Eighteen-year-old Carrel May lived with his father, younger sister and her infant daughter in a local hotel for two years.
At the time, his father was employed at a local Jiffy Lube.
May, now a senior at Meade High School, said there wasn’t a washing machine at the hotel, so he often would go for as long as a week without clean clothes.
May said his father seldom shopped for groceries, so he and his sister ate leftovers or nothing at all. Ultimately, his father sent him out of the hotel. May often lived on the streets, sometimes going from one friend’s house to another for shelter.
Except for his four sisters, May said he is not in contact with his family.
“My family is dysfunctional,” he said.
Currently, 41 students at Meade High School are identified as homeless, according to Jackie Neil, the homeless student liaison for the Anne Arundel County Public Schools.
The McKinney-Vento Homeless Education Act of 2001 states: “Homeless children and youths means individuals who lack a fixed, regular nighttime residence.”
Meade High Principal John Yore said the school is dedicated to serving all students who are in need.
“We believe in servant leadership,” Yore said. “Our mission is to serve students and their families. … Education is a critical element in helping young people overcome challenging circumstances.
“I want our community to know our commitment to educating their and our children. No matter the circumstances, education will support a solution.”
Today, May, is looking forward to graduation. He now lives with a friend and attended his prom on Saturday.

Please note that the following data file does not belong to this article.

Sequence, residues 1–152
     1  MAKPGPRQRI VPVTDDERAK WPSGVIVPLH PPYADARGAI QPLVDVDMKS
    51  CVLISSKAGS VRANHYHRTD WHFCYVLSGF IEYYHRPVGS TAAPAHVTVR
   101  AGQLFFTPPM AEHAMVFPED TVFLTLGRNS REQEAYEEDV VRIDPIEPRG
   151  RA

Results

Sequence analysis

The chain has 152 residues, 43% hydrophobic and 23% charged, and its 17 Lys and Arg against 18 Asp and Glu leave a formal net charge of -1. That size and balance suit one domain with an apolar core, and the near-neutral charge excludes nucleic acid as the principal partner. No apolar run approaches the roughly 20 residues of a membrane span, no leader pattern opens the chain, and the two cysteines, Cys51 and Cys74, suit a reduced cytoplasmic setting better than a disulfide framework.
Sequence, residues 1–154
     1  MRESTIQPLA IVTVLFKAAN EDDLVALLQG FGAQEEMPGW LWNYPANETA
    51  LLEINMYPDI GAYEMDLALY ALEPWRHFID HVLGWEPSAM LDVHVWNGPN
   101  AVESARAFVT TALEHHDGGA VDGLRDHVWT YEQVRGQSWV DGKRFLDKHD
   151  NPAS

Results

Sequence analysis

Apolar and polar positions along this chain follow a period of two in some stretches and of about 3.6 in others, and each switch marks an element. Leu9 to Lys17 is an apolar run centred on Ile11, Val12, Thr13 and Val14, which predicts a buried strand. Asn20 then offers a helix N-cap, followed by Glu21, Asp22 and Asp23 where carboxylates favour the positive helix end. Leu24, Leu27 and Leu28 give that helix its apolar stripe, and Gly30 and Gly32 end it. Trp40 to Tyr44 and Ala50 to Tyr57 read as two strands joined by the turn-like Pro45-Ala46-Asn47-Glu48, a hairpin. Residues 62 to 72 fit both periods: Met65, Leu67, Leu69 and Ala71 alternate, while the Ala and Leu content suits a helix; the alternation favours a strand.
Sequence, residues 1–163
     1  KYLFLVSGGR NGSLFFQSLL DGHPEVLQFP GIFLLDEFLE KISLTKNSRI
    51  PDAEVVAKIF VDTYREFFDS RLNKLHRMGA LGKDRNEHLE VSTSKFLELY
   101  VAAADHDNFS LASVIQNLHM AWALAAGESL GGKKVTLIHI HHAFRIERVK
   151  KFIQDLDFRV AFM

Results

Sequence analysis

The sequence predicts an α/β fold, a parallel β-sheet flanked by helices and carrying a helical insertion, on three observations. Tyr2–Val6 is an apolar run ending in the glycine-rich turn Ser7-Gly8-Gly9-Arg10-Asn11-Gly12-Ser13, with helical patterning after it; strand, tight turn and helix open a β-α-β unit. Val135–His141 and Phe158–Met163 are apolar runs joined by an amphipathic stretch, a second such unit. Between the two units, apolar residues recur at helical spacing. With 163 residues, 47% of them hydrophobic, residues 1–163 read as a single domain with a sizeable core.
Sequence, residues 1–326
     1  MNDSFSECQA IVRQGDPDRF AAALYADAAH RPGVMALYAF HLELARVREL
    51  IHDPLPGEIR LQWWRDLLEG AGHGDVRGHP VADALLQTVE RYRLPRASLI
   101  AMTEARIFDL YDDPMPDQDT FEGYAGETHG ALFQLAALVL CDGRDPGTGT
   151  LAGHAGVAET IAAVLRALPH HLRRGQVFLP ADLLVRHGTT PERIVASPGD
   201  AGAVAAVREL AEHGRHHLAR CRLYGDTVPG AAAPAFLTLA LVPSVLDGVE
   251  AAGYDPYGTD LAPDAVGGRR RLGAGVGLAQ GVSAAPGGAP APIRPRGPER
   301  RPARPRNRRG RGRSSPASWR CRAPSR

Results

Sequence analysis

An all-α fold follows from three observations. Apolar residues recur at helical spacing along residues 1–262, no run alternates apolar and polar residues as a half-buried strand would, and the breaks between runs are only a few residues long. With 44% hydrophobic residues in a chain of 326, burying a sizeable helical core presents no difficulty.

Although May was suspended two months ago, Yore and other school administrators are giving him a second chance.
Khristine Smith, a social worker at Meade High, has counseled May since meeting him during his freshman year at Mary Moss Academy, an alternative school in Anne Arundel County.
She continues to work with him at Meade High and has connected May with the Anne Arundel Workforce Development Corporation for job training.
“He is a survivor — very intelligent and articulate,” Smith said. “I think he’s got a really good heart.”
Meade Matters is a Meade High program that provides meals and clothing to students in need and to their families. It is supported by donations of food, clothing and money from faculty, parents and graduates of Meade High who were once homeless themselves.
The Fort Meade community also donates to the 12-year-old program.
Meade Matters serves students who attend Meade High, Meade Middle School, MacArthur Middle School, Meade Heights Elementary School or Van Bokkelen Elementary School.
Joyce Willis, a physical education teacher at Meade High, and Felicia Simmons, chair of the Department of Family and Consumer Services at Meade High, coordinate the program.
“We saw a lot of students who were in need and tried to figure out a way to help them and allow them to remain anonymous,” Simmons said. “We have grown tremendously since we started.”
Simmons said the program serves families whose parents have lost their job or have been evicted from housing and have a child who attends one of the Meade cluster schools.
Families are provided with food and clothing and sometimes with funds for transportation if the parents do not have access to a car.
The program also provides food baskets at Thanksgiving and Christmas, as well as holiday toys for children.
A Helping Hand
Promise Tomorrow, an associated program sponsored by Meade Matters, provides donated prom and formal attire for students in need.